In the first part of this series I talked about using online training tools to coach yourself. This time I’m going to discuss training yourself from scratch.
This year I’ve thrown myself in the deep end, but not without a lot of preparation. Here’s what I found most useful.
Know the Basics
Before you start you’ll need a good understanding of your training zones, your power zones (if you have a power meter), your weaknesses and the specific demands of your targeted events. You’ll also need to appreciate that training needs to stress your body to a certain degree but that it’s fatal to your season to push it too far. You’ll need a real respect for how vital recovery is, incorporating proper sleep and nutrition into every day.
Read a lot
Once the basics are covered, a great place to start is with self-coaching and endurance guru Joe Friel’s book The Cyclist’s Training Bible or The Mountain Biker’s Training Bible. While probably due for a new edition pretty soon, the training bible books take you through designing your own training program step-by-step, and will answer all the questions you should be asking about training. If you have a power meter try Training and Racing with a Power Meter by Andy Coggan and Hunter Allen.
Most people will get a lot of information not from books, but online. The most important thing to pick up is how to sort the good from the ugly. There is a lot of terrible advice out there. Most of it is found on forums and most of it concerns nutrition. Steer clear.
By far my favourite blog is Joe Friel’s. He regularly posts about new research and his writing is incredibly clear and always stripped of jargon. Searching his blog’s archives has provided answers to almost all the questions I’ve had about training so far.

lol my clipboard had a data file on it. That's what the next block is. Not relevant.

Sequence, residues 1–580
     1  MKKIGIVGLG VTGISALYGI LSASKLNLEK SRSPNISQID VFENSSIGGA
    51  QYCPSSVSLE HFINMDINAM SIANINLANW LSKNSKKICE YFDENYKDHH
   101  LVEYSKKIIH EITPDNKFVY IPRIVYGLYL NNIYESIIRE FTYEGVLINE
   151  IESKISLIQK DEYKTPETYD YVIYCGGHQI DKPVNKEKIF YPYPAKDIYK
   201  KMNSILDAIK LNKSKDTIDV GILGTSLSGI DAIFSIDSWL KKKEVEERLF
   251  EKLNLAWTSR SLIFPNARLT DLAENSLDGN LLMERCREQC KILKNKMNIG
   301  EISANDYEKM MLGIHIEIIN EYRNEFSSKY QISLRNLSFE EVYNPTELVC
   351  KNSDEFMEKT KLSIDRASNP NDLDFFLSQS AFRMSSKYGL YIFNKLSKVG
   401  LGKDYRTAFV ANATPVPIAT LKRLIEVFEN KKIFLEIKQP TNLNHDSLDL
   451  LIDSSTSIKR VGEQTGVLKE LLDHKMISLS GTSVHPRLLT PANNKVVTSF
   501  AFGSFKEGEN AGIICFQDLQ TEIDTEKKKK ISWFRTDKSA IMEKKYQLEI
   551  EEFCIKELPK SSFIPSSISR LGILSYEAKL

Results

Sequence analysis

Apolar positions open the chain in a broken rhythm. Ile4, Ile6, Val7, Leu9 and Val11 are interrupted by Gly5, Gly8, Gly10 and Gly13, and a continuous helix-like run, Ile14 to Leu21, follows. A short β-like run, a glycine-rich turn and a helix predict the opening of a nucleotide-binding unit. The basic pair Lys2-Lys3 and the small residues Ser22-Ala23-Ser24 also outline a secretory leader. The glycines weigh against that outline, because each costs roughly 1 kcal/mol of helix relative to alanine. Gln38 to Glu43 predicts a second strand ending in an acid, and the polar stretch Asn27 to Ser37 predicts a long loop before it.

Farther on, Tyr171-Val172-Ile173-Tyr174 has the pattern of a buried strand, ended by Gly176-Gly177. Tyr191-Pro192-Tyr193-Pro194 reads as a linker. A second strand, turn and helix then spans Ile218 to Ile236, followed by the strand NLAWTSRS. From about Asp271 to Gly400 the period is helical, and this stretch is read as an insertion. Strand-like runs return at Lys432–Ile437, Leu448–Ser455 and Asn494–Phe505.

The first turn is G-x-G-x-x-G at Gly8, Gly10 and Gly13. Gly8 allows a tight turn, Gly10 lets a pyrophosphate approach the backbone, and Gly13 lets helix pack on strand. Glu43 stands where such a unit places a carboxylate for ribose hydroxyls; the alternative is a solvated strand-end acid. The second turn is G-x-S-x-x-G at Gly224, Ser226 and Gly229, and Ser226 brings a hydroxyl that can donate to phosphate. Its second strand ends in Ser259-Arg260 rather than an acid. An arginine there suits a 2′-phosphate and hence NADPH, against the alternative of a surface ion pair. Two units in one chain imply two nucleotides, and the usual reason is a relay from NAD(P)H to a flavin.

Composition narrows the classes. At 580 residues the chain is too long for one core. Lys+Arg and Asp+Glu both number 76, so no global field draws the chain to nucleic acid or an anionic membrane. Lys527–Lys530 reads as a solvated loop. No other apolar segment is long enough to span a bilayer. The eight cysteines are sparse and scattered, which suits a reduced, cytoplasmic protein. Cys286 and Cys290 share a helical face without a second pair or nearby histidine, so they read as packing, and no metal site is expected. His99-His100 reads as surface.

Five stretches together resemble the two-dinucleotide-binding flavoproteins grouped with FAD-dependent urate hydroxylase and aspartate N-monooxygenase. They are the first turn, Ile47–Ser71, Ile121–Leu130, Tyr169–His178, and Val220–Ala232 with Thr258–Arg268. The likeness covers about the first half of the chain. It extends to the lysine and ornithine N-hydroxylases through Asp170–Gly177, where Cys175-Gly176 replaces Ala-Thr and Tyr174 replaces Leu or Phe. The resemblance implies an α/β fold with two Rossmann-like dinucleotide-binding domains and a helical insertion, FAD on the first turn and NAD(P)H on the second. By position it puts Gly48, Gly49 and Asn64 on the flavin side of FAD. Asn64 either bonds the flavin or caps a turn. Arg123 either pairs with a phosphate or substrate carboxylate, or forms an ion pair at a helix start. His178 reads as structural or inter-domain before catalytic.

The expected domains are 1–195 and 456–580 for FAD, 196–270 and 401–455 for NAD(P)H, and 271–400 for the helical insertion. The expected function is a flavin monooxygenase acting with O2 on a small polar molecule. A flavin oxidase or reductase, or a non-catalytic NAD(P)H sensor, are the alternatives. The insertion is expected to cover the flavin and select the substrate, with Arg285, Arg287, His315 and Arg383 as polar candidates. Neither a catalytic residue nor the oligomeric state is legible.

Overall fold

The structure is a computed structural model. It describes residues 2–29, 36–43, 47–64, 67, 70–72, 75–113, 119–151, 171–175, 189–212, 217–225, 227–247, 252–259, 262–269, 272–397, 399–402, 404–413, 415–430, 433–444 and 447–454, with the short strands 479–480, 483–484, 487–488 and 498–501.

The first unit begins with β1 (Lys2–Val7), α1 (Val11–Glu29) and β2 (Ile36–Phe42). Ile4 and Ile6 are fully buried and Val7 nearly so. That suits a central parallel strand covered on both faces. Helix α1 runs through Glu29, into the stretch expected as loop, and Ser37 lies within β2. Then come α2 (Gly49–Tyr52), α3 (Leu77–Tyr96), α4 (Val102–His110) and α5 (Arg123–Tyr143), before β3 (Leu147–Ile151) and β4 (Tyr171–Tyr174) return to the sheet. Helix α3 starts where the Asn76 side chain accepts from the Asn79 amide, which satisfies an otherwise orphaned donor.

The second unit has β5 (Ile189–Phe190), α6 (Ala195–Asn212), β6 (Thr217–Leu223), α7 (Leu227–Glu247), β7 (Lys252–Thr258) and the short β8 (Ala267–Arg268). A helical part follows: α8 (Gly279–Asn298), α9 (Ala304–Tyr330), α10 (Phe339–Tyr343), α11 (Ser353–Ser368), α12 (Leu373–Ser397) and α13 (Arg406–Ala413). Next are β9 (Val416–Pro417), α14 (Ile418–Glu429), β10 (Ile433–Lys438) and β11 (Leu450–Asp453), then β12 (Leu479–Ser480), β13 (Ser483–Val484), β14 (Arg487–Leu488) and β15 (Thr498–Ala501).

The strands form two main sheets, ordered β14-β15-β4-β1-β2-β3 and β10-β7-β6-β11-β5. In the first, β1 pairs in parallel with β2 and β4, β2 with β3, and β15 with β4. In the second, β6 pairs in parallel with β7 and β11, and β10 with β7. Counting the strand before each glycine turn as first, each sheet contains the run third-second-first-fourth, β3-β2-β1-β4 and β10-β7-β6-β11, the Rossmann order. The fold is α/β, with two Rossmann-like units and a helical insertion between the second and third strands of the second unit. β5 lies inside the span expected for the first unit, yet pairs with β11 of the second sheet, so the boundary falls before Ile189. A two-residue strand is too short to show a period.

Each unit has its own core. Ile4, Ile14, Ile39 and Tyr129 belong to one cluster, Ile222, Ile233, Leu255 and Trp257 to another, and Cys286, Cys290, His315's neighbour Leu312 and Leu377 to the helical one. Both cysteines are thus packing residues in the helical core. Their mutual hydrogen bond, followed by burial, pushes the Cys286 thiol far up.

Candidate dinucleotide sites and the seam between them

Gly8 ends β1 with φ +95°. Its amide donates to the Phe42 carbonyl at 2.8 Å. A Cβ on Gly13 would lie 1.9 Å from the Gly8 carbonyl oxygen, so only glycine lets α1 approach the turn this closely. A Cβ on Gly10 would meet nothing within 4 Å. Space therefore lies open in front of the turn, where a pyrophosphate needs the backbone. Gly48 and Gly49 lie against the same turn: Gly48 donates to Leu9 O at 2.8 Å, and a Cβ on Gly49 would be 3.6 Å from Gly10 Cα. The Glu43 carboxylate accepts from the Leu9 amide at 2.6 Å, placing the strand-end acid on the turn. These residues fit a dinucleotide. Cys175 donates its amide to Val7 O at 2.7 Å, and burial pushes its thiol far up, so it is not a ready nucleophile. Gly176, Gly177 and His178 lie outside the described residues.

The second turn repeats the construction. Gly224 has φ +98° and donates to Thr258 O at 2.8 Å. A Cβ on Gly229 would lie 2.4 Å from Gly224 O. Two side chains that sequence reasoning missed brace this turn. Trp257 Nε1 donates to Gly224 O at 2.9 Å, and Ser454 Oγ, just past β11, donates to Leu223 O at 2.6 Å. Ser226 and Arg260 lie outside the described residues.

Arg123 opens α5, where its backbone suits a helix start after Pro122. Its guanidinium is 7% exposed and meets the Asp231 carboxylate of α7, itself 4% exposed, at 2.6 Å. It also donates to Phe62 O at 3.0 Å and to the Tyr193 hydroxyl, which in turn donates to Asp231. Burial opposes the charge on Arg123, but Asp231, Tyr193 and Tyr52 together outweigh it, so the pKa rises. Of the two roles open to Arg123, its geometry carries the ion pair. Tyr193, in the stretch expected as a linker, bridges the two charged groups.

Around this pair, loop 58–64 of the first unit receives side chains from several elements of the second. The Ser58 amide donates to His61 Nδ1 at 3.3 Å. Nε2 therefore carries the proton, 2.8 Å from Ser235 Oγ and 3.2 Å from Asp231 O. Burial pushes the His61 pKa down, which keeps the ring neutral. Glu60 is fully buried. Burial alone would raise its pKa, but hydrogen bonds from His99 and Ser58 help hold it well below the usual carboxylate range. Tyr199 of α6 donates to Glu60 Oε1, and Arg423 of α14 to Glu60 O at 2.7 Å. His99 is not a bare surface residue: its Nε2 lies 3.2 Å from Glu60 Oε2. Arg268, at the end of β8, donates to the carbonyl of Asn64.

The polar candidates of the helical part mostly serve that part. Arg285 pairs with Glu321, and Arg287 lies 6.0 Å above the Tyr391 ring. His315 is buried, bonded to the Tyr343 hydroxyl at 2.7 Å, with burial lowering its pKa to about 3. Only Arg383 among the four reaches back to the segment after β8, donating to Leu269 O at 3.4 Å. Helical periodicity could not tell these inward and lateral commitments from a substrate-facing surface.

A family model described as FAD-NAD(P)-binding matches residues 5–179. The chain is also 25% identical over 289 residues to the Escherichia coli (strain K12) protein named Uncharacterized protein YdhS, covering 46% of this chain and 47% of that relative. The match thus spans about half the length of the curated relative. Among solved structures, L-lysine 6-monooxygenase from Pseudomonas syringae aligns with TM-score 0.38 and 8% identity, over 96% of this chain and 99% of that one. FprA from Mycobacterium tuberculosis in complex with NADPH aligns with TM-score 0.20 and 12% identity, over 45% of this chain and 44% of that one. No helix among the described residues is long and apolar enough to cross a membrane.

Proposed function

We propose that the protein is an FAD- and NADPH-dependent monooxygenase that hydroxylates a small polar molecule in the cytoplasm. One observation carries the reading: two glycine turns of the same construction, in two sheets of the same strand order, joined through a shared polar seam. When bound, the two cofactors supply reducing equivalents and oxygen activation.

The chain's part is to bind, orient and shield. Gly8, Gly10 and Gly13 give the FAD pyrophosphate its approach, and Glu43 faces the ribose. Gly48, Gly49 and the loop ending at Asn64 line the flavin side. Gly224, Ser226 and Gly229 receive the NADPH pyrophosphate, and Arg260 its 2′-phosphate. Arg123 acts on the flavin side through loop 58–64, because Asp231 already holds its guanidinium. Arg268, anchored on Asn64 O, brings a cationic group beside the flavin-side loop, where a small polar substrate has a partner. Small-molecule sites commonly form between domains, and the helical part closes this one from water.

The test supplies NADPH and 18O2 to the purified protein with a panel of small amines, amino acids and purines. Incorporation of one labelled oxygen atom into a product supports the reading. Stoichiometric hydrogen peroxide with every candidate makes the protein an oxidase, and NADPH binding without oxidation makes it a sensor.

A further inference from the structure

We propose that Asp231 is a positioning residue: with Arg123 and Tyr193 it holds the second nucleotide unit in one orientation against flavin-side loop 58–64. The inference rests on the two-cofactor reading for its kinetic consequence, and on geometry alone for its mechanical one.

Both the Training Peaks and Today’s Plan blogs post interesting stuff from a variety of coaches and athletes. Hunter Allen’s website is another great source, and all the above are interesting to follow on Twitter as well, where the infographics by Yann Le Meur @YLMSportScience condense a lot of information into bite-size packages, too.
If you live in Australia or New Zealand, Aussie elite MTB racer Jenni King (@pedallab) writes regular features on training for Australian Mountain Bike magazine (full disclosure, I also write for the mag and am engaged to the editor). Her articles are concise, genuine, and careful insights into various aspects of training, and the workouts she suggests are some of the best I’ve tried.
Many mountain bike and cycling mags publish great articles on training from reputable coaches, nutritionists, and expert tech riders. Just be sure you know how to incorporate this valuable advice and workouts into your program based on periodisation and the specific demands of your target event. Reading The Cyclist’s Training Bible and some of the blogs I’ve suggested will help with that.
Know your body
Reading all the books and blogs in the world won’t help you if you can’t read your body, too. It’s important to know when you’re fresh, when you’re tired, and when you’re too tired, as well as to understand how a workout should feel. The former is something you’ll have to learn for yourself, although monitoring sleep, mood, muscle soreness, fatigue, and motivation will give you good clues.